Written by Amanda Hicks
April 22 is the day to celebrate this beautiful planet, and with three simple steps, you can protect the earth every single day.
Ayana Johnson, PhD, is a marine biologist, policy expert, and co-founder of Urban Ocean Lab, All We Can Save Project, and How to Save a Planet. In her impressive career as a marine biologist, Johnson worked to save our planet, specifically the ocean. Recently on the podcast, Ologies, she talked with host Alie Ward about oceanology or the study of oceans. In this podcast, Johnson speaks about the anatomy of the ocean and ways that civilians can help in protecting the many seas.
Many people may feel that if you cannot take a simple day trip to the beach then there is no way you can help protect the ocean, but Johnson wants to fight this myth by providing ways that any civilian in any city can participate in the fight. Not sugar coating the conversation, Johnson said that with the carbon dioxide levels on land, we have changed the chemistry with the sea, making it hard for fish to smell their home and navigate the ocean. 90% of big fish within the ocean have also become extinct due to overfishing, but she does not want anyone to get discouraged. There is still time to save the ocean.
But what can we in Pittsburgh do? First, sign up to vote. Many conversations have come up within the government on how best to save our planet. With policies like the Green New Deal and its co-partner the Blue New Deal, citizens voting and making their voices heard that saving the planet and fighting climate change are a priority can make the biggest impact.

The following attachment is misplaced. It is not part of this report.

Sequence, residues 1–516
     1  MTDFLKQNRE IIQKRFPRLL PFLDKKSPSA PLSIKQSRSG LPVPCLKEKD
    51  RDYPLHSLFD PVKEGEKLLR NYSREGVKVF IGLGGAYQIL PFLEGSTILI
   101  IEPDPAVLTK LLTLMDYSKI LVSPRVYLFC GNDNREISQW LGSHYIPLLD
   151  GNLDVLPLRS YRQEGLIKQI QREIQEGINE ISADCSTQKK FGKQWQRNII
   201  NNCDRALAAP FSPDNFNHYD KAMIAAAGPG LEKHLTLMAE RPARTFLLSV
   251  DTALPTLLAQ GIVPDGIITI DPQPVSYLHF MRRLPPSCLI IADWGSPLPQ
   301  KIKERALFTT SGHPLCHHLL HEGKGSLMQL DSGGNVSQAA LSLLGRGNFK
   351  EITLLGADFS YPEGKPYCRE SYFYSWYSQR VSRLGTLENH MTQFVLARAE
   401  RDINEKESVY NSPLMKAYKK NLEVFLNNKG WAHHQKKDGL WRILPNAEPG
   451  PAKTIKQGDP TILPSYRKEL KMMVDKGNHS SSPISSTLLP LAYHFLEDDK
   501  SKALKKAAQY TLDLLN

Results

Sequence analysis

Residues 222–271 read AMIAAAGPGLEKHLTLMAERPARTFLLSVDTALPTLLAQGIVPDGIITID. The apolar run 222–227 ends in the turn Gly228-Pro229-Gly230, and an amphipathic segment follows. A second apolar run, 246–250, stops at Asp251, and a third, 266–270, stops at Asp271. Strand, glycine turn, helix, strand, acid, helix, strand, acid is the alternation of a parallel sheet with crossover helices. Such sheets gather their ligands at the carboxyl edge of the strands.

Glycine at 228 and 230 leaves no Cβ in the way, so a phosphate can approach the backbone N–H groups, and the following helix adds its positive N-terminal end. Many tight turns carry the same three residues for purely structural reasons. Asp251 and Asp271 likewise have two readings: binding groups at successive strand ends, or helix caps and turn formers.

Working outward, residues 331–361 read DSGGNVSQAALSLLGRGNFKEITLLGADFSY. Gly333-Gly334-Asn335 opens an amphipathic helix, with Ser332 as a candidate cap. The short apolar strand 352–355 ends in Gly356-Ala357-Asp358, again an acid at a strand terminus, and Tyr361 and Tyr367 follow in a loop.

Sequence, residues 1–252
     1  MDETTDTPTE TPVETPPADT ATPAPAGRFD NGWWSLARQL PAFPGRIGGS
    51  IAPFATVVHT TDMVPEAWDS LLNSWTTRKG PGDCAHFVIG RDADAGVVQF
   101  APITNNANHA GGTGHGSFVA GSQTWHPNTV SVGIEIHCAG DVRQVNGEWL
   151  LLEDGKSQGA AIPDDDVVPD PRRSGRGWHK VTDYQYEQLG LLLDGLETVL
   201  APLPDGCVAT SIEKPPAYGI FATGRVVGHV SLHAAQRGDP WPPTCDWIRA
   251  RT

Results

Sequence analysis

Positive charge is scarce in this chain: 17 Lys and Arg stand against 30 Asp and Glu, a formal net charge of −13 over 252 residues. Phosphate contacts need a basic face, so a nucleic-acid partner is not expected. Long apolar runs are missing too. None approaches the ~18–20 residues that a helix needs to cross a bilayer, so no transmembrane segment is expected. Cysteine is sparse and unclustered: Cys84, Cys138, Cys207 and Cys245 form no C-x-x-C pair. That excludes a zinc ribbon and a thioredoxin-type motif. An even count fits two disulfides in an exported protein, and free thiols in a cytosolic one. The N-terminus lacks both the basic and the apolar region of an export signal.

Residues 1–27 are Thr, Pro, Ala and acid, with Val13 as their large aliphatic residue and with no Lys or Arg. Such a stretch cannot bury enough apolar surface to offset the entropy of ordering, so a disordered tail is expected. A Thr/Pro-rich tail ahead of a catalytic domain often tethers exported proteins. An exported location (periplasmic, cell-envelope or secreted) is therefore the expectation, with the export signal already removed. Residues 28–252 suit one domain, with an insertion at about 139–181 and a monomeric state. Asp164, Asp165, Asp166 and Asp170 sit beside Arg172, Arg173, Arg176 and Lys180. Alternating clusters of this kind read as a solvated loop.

Secondly, question where your seafood comes from. Unfortunately, 99% of shrimp is unsustainable according to Johnson. South-east Asia’s shrimp has also made headlines as it has come to light that the shrimp caught there has been peeled by slaves. Questioning and researching if the fish you are eating is sustainably obtained will help push for a more eco-friendly fishing market and fight for human rights simultaneously.
Lastly, reduce the number of single use plastic you use. One ton of plastic goes into the ocean every four seconds. Skipping over straws, using reusable water bottles over plastic water bottles, and using reusable bags when shopping are simple steps you can do every day. Some bigger projects like supporting and helping with coastal cleanup to halt the plastic before it even reaches the ocean and forcing governments and corporations to do their part by improving their recycling capacity, changing ways things are manufactured, and making more recyclable plastic can have some of the biggest impacts to help clean the planet.
Though it may seem bleak, there is still time to make changes. If you want to learn more and help in the fight, see the links below.
- Ayana Johnson’s Website: https://www.ayanaelizabeth.com/bio
- To listen to the full podcast: https://open.spotify.com/episode/1vAd1UwIwNMhys3jFbNcrj?si=f5icH9B_RMSUIARA1-6AZQ
- Lastly, to see what the government is currently doing to fight against climate change: https://www.whitehouse.senate.gov/issues/acting-on-climate-change-and-protecting-our-environment